Head to the bay when it’s breezy – Florida Keys Weekly Fishing Report – September 22, 2010

When the breeze kicks up a bit, as it has been lately, head to the bayside of the islands where there are plenty of hidey spots that offer up great fishing.

Florida Keys Weekly Fishing Update – Captain Chris Johnson, SeaSquared Charters – September 22, 2010

Mangrove snapper

The mangrove snappers have been making their way back to the bay from their summer home on the reef.  Fishing for the mangroves has been very good and will improve through the weekend.

We have been finding quality size mangrove snapper everywhere from the bridges out to the wrecks 10 to 12 miles from shore.  Mixed with the mangroves are some decent size yellowtail snapper and a plethora of pan fish such as porgies and hogfish.

It’s hard to beat fresh shrimp to entice the snappers in the bay.  I like to fish the shrimp on a knocker rig with a #1 to a 1/0 circle hook.  Remember, circle hooks are mandatory when fishing natural baits for snapper and grouper in the bay and gulf venues.

I typically take along some ballyhoo and pinfish as well as the shrimp.  Both can be used as chunk baits presented on or near the bottom.  A small, 1- to 2-inch long live pinfish will attract the largest of the mangrove snapper and perhaps even a surprise mutton snapper.

Mackerel, jack crevalle and grouper 

Much like fishing for snappers on the reef, you should be prepared for just about anything to show in your chum slick.  Mackerel and jack crevalle are prevalent in the bay, and you may come across a keeper grouper.

It’s a good idea to have a rod rigged and ready with a small trace of wire in case the cero and Spanish mackerel invade the slick.  These fish are a blast to catch on light equipment.  I like the same gear I use for snapper fishing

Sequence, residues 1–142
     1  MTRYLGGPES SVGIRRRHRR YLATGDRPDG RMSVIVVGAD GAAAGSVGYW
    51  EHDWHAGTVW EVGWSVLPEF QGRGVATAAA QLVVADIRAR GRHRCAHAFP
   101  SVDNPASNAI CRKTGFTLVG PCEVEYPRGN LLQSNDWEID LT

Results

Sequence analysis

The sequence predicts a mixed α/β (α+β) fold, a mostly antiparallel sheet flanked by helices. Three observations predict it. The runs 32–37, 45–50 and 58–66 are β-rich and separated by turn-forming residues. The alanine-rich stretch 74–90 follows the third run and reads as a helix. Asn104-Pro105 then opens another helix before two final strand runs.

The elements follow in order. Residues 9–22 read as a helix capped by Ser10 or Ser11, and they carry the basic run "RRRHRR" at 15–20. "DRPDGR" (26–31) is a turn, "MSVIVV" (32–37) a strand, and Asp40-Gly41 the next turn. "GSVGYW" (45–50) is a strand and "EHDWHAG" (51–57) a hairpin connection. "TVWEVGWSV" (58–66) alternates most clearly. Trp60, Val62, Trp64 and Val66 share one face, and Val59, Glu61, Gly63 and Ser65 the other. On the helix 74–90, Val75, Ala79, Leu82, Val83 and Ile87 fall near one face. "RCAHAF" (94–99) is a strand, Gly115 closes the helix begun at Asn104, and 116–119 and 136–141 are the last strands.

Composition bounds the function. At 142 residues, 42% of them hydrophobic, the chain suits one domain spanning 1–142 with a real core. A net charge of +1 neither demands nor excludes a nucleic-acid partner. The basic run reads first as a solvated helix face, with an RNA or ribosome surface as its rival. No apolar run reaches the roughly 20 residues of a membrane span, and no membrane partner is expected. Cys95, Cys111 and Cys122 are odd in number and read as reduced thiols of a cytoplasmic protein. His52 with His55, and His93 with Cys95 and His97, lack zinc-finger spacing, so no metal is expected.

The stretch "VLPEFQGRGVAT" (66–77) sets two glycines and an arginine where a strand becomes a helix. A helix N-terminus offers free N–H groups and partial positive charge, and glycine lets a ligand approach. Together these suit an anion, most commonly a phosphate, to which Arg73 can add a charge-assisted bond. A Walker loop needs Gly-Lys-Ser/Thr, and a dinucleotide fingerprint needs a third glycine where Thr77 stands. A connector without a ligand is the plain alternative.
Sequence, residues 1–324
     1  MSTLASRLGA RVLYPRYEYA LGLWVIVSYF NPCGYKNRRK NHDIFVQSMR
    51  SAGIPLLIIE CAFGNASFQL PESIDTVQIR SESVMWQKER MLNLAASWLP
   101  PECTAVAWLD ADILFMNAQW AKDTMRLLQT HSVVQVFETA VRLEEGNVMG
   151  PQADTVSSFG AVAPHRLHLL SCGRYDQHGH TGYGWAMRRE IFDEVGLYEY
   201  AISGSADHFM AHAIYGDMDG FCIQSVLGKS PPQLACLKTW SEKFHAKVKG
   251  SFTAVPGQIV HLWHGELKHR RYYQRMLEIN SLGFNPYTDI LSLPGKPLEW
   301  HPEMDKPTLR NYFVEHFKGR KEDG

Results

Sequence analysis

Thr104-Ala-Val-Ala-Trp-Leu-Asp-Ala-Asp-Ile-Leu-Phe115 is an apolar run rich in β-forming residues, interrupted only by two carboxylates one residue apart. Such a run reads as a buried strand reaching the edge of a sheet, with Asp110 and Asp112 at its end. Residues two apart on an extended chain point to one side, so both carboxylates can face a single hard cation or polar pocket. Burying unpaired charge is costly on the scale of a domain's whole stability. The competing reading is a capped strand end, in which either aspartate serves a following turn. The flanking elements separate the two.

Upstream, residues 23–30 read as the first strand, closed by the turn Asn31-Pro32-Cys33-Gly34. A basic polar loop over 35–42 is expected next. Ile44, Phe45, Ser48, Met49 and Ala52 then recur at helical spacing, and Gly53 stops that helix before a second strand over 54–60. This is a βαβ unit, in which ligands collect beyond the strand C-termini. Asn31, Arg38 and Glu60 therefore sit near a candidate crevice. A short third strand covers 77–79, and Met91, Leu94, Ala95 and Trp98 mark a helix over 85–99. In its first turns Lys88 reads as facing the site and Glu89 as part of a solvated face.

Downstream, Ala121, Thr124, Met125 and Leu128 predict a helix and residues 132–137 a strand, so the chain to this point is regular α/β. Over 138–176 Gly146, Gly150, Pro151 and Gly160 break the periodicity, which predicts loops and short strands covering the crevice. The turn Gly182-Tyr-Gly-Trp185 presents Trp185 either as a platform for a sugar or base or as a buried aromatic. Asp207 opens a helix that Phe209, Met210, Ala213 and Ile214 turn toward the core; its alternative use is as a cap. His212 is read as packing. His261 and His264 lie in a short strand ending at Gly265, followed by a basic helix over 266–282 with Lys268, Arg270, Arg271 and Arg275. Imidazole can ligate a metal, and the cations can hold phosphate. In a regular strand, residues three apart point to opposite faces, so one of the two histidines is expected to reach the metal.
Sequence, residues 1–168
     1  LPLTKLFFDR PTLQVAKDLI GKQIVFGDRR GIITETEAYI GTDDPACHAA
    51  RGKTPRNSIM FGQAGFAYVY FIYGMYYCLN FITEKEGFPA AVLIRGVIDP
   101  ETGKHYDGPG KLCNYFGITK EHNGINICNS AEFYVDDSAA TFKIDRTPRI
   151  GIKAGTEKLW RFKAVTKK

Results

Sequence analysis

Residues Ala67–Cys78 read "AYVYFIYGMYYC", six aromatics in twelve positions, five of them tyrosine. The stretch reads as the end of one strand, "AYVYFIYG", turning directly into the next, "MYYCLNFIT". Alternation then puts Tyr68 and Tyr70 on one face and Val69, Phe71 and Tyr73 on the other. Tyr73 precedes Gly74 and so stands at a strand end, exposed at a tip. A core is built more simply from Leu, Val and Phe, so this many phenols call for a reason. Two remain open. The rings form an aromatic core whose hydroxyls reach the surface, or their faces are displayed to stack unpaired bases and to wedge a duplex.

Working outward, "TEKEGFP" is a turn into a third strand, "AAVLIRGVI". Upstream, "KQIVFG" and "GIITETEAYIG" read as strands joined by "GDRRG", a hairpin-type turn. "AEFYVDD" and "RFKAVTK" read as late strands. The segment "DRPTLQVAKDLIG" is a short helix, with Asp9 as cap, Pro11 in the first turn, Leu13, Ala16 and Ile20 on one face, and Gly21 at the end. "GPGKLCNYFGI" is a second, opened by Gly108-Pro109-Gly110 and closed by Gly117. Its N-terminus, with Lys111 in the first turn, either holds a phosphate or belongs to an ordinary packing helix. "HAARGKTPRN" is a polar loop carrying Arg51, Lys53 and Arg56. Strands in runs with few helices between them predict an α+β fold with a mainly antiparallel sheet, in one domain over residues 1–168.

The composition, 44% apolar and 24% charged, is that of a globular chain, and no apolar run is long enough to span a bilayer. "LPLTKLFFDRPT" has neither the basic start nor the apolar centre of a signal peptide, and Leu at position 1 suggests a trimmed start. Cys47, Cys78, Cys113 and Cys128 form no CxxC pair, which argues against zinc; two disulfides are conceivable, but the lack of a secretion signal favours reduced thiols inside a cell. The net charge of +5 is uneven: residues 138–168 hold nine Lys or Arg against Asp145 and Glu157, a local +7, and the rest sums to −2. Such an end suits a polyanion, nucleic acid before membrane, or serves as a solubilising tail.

Here again, small live pinfish will do the trick, but the mackerel will take a free-lined chunk bait drifted back in the slick just as quickly. 

Jack crevalle hang in the same areas as the mackerel and will take a wide variety of baits and lures.  Bucktails and small swimming plugs as well as surface chuggers all provide for some exciting action.  My preference is 20-pound spinning tackle for the larger specimens, but a 12-pound outfit makes for great fun on fish weighing less than 8 pounds or so.

Shallow water angling for sharks 

Another excellent option on a breezy day is shallow water angling for sharks.  There are plentiful numbers of lemon and blacktip sharks prowling the grassy flats and banks located throughout the Middle and Lower Keys.

To get the most action from these toothy game fish, use 20-pound spin tackle.  Most any bait will work to attract the interest of the sharks, such as filleted pieces of jack crevalle, ladyfish or butterflied blue runners.

In catch-and-release sport fishing for sharks, I recommend using circle hooks so as not to cause harm to the fish.  You can remove the hook from the shark’s mouth with a dehooking tool, which is mandatory to have on your boat on both the Atlantic and bayside.  Mash down the barb of the circle hook for ease of removal with the dehooking tool.  If you prefer, simply cut the hook off at the leader and it will dislodge itself from the shark’s mouth in very little time.

Offshore 

For anglers with boats of a size suitable for going offshore to the blue water in windy conditions, there is some scattered dolphin and wahoo activity, with blackfin and skipjack tuna mixed in.

Reef 

The yellowtail snapper bite on the reef remains good with lots of 14- to 16-inch fish being caught throughout the Middle and Lower Keys.  Nice size black and red grouper are spicing the catches.

The week with SeaSquared Charters

The SeaSquared fished the bay venues targeting mangrove snapper last week.

The Roberts group from Jacksonville caught mangrove snapper from 12 to 18 inches on a couple of bay wrecks 10 miles from my dock at the 7 Mile Marina.  They also released Goliath grouper and nurse sharks.

It was more of the same for Marianne Canero and her friends, Martin Calero and Kristen Halle, visiting from Miami and Uruguay.  They caught a nice bunch of mangrove snapper up to 16 inches.

Until next week … Tight Lines!

Capt. Chris Johnson, SeaSquared Charters, Marathon Florida Keys, 305-743-5305

     

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